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The distribution of profits between corporations resident in different
jurisdictions gives rise to significant tax planning opportunities for
multinational enterprises. As cross-border transactions between corporations
grow in number and complexity, the question of how a profit distribution is
classified for corporate income tax purposes becomes increasingly important,
particularly in the context of issues such as double taxation, non-taxation
and tax neutrality. This unique and practical work covers the rules
determining which transactions may be classified and therefore taxed as
dividend income and how classification conflicts may be resolved. The author
examines the classification of various inter-corporate transactions, including:
• Payments made under dividend-stripping arrangements.
• Fictitious profit distributions.
• Economic benefits in the context of transfer pricing.
• Returns on debt-equity hybrids.
• Interest payments in thin capitalization situations and distributions
The analysis of each transaction refers to international tax law. Most weight
is given to tax treaties and EU tax law. The approaches adopted in different
states’ national tax law are covered by a more general analysis. The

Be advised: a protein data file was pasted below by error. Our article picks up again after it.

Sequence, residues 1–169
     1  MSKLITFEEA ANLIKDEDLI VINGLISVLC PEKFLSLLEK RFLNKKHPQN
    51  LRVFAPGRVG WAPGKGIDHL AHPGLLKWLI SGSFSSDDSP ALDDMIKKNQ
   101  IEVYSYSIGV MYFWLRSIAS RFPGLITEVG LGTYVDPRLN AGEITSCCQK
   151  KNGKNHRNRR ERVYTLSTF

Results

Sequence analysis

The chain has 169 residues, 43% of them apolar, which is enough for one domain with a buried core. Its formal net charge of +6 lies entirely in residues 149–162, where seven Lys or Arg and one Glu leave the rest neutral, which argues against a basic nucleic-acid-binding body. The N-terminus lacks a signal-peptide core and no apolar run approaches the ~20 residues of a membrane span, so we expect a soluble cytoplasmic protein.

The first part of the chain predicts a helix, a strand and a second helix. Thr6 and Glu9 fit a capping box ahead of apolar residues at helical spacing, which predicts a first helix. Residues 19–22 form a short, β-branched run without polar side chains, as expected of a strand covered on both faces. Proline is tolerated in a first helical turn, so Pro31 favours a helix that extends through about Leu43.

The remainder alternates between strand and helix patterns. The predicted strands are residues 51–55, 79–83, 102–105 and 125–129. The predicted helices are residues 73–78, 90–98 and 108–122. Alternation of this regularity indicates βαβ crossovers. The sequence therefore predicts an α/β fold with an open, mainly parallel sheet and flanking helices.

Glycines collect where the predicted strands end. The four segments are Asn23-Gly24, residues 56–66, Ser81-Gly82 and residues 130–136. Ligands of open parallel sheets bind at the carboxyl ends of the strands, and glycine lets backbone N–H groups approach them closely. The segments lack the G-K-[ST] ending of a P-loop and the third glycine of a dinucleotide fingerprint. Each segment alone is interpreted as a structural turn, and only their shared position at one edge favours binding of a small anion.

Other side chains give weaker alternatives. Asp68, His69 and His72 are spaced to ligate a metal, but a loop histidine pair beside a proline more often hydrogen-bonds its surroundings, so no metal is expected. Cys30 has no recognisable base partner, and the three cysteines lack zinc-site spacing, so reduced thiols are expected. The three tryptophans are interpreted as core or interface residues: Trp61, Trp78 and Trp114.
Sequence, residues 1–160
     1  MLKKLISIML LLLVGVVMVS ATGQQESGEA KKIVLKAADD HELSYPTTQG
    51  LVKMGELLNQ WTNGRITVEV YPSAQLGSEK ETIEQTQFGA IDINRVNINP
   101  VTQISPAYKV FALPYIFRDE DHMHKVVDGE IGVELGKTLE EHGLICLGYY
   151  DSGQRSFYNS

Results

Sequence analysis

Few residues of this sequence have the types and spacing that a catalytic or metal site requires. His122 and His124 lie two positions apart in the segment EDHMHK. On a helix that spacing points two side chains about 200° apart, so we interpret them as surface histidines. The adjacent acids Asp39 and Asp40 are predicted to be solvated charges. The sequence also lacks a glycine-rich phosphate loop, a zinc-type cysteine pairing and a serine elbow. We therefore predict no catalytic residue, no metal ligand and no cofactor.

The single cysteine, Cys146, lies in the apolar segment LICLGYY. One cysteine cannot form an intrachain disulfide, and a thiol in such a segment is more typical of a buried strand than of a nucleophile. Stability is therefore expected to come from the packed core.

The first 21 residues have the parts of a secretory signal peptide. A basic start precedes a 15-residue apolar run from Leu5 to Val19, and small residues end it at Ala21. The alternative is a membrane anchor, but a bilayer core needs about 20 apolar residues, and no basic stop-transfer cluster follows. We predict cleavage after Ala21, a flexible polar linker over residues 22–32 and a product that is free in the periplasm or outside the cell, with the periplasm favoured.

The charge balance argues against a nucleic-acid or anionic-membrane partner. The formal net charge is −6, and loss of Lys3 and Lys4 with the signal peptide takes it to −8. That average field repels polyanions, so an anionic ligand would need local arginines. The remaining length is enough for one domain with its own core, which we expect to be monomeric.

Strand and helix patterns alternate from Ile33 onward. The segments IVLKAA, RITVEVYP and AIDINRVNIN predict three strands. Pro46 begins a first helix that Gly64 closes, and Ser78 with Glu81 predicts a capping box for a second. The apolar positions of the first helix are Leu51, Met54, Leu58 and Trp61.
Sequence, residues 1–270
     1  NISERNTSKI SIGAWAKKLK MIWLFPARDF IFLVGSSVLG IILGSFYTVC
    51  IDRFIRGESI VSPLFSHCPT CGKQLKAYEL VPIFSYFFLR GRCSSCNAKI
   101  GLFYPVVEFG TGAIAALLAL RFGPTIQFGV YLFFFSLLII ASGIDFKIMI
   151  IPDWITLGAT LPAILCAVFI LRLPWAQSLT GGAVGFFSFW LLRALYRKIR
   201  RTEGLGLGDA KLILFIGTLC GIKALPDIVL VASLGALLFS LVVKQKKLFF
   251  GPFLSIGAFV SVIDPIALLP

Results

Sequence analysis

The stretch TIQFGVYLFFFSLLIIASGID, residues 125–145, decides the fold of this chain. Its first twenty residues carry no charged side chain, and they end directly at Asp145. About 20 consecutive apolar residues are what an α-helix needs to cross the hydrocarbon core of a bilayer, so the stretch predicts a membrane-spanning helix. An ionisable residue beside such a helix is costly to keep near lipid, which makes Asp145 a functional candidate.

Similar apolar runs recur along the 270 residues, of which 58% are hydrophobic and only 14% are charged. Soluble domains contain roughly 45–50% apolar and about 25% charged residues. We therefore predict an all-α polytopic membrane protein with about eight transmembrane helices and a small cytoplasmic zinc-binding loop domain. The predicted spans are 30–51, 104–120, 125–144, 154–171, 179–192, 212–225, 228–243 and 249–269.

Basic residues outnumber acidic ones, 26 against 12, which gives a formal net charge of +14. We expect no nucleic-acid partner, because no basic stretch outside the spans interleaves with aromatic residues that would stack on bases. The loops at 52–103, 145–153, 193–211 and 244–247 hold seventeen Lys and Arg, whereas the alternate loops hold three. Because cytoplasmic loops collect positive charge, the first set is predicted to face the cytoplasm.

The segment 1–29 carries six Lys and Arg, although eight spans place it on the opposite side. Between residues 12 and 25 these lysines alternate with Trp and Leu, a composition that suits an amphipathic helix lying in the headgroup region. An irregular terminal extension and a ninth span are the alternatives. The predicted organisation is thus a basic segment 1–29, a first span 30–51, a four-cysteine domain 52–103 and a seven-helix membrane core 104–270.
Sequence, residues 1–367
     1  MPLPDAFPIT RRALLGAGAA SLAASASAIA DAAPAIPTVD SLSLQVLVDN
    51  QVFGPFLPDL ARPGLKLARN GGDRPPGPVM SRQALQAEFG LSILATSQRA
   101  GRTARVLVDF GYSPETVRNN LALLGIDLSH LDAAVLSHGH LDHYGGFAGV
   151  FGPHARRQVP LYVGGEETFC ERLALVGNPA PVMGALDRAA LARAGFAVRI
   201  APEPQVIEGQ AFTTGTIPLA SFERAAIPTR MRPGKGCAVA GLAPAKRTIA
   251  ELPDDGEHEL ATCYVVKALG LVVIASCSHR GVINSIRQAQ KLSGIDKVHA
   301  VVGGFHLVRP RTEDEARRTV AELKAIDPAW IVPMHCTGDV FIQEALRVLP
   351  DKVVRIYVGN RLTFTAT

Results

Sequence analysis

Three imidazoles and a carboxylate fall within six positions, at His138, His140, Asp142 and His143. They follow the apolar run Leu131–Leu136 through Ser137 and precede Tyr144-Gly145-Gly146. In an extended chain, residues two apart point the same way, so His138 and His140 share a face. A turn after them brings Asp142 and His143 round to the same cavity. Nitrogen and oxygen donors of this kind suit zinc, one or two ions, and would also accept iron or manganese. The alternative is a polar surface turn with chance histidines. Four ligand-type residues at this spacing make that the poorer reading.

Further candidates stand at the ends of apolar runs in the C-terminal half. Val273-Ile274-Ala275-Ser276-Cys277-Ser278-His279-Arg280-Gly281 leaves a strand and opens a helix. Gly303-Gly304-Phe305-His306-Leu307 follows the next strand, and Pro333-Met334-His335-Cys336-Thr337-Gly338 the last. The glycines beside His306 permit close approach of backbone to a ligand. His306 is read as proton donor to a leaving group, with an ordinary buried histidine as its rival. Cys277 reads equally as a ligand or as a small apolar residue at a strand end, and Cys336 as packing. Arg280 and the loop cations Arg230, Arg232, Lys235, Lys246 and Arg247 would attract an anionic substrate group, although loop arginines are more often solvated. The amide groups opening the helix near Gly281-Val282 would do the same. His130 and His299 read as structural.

comprehensive coverage and practical nature of The International Tax Law
Concept of Dividend make it an essential acquisition for tax practitioners,
researchers and tax libraries worldwide.
List of Abbreviations
Chapter 1. Introduction
Chapter 2. Tax Treatment of the Inter-corporate Cross-Border Dividends
Chapter 3. Interaction among Different Legal Systems of International
Chapter 4. Different Dividend Concepts in International Tax Law
Chapter 5. Dividend-Distributing Entities
Chapter 6. Dividend-Stripping and the Dividend-Generating Relationship
Chapter 7. Fictive Distributions as a Dividend
Chapter 8. Classification of Economic Benefits from Corporations to
their Shareholders in the Form of Transfer Prices
Chapter 9. Classification of Return on Debt-Equity Hybrids
Chapter 10. Classification of Interest in Thin Capitalization Situations
Chapter 11. Classification of Liquidation Distributions
Chapter 12. Concluding Remarks